Sir David Crausby debates Northern Rail in Parliament

11 June 2018

This is an extract from Sir David Crausby’s debate on Northern Rail services in Westminster Hall on 6th June. Read the full version here.

Sir David Crausby (Labour MP for Bolton North East)

When I was elected 21 years ago, in 1997, our railways were still, in effect, publicly owned. The reality then was that the service was rubbish, and it had been rubbish for a very long time. John Major, the then Prime Minister, having starved the railways of investment, privatised them in indecent haste—I think he thought that would be his legacy; perhaps it is—just before he was forcefully expelled from office in the 1997 Labour landslide.

Northern is the trading name of Arriva Rail North, whose franchise began in April 2016. Provided that it does not walk away, we may suffer it until 2025. Arriva Rail North has been a disaster from day one. It has been in freefall ever since, and it does not deserve to be entrusted with the franchise for another day. In Greater Manchester, Northern trains call at 97 stations, which are used every day by a huge number of people, who depend on the service to go to work and education, as well as to enjoy their social and family lives.

The quality of those services is essential to the lives of thousands of families and has an enormous effect on the economy of the north. It is a very big deal. We must not allow the political argument about our transport deficiencies to descend into the Government automatically supporting all private transport providers and the Opposition automatically attacking them all. Regardless of our views about nationalisation and privatisation, Northern rail is failing.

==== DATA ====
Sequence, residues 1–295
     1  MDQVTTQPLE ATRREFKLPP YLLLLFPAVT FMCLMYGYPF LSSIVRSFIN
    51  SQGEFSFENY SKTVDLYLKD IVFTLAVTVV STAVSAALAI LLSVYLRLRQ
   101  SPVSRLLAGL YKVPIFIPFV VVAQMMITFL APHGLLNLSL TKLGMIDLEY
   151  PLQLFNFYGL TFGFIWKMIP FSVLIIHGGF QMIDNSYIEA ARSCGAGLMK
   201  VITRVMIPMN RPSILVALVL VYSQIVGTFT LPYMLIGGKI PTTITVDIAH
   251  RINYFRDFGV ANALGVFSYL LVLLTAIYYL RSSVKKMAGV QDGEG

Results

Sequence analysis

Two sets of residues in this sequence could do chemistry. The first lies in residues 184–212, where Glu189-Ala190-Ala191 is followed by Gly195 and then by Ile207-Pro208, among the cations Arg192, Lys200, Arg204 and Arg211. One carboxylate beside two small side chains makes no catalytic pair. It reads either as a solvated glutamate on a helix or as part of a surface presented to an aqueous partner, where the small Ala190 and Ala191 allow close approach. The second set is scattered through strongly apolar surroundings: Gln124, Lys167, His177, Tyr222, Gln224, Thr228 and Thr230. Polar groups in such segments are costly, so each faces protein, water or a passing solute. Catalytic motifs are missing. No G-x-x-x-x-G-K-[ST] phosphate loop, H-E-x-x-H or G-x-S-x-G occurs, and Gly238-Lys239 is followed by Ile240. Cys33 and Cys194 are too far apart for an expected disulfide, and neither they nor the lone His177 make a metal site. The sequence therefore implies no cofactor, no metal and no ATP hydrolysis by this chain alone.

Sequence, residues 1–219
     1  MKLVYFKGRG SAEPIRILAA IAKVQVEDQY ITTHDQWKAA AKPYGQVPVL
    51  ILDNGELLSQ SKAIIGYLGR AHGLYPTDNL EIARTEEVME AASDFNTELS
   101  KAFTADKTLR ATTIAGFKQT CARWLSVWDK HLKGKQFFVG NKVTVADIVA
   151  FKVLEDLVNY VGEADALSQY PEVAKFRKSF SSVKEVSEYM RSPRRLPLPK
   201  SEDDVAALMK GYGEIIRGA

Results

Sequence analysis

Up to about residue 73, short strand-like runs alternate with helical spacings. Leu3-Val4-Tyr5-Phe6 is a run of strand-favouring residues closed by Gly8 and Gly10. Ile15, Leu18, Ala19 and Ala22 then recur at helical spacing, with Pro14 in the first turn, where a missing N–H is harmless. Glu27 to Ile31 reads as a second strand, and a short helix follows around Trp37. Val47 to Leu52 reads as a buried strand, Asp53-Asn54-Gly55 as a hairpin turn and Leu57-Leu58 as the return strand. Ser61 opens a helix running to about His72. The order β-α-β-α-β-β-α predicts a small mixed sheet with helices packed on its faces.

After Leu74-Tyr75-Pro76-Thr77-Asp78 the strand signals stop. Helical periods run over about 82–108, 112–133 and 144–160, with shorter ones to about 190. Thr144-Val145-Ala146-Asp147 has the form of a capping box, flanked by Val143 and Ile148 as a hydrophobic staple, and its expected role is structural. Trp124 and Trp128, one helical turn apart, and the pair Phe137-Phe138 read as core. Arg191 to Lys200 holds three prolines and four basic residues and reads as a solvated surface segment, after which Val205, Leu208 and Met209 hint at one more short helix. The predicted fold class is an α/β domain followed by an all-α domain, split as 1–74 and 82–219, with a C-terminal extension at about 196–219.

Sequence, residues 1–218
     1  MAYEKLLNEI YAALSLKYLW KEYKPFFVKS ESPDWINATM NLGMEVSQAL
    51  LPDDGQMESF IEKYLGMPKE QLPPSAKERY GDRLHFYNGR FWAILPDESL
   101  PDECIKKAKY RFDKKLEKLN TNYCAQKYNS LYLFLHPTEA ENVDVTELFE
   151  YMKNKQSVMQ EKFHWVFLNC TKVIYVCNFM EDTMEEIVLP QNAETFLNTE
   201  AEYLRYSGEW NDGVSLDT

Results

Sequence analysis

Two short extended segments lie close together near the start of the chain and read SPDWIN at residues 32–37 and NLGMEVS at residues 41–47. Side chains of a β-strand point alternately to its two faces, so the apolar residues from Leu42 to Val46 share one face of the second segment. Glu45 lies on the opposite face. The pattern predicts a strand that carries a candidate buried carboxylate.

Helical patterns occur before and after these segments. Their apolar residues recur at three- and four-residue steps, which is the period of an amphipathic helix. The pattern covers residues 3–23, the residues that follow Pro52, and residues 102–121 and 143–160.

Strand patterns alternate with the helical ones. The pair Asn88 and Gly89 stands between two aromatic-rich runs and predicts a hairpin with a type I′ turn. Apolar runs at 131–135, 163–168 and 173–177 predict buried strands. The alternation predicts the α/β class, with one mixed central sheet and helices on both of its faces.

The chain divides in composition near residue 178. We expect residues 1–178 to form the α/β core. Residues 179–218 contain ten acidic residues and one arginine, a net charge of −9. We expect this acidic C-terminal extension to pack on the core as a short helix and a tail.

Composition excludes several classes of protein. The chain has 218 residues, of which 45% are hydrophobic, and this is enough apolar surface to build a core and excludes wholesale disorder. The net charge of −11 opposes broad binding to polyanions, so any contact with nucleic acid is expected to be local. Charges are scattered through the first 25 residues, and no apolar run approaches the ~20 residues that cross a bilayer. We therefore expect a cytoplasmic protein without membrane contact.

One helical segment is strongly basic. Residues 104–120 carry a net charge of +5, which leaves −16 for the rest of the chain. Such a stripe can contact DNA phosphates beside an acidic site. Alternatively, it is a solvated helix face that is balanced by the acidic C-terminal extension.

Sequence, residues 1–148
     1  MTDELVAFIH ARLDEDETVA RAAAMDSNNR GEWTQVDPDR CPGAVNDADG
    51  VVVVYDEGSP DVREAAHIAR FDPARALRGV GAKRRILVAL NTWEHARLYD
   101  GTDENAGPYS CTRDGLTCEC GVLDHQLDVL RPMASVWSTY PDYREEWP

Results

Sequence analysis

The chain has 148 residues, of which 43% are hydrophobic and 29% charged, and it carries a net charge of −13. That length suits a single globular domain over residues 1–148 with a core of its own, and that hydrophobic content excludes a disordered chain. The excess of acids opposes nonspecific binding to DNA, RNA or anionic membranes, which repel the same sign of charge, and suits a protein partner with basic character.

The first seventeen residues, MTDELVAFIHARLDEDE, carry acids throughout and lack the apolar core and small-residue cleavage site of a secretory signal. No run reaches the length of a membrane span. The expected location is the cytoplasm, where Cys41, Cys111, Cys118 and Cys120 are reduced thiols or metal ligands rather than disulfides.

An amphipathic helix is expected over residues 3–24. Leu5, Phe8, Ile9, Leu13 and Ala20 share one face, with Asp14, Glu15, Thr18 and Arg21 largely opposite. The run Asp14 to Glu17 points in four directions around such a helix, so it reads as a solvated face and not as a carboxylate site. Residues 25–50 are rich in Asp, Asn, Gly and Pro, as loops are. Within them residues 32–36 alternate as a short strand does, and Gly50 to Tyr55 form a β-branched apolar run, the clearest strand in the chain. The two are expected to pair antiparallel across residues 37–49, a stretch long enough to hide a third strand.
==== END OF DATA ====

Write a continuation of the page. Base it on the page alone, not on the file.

Joseph Johnson (Minister of State for Transport)

I congratulate the hon. Member for Bolton North East (Sir David Crausby) on securing this important debate and giving us another opportunity to discuss the disruption on Northern rail services.

The Department is focused on ensuring, as rapidly as possible, that the industry restores reliability for passengers to acceptable levels. I assure passengers who have been affected that I share their frustration, and we have heard from hon. Members across the House about how their constituents have been affected in a number of completely unacceptable ways.

I echo my right hon. Friend the Secretary of State’s words of sympathy on Monday, as well as the apology that he gave to the ​House. That mirrored the apologies from the chief executives of Northern rail and Network Rail, as well as from train operators in other parts of the country, for everything that has gone wrong and for all the difficulties that have been caused to people in the north of England and other parts of the country.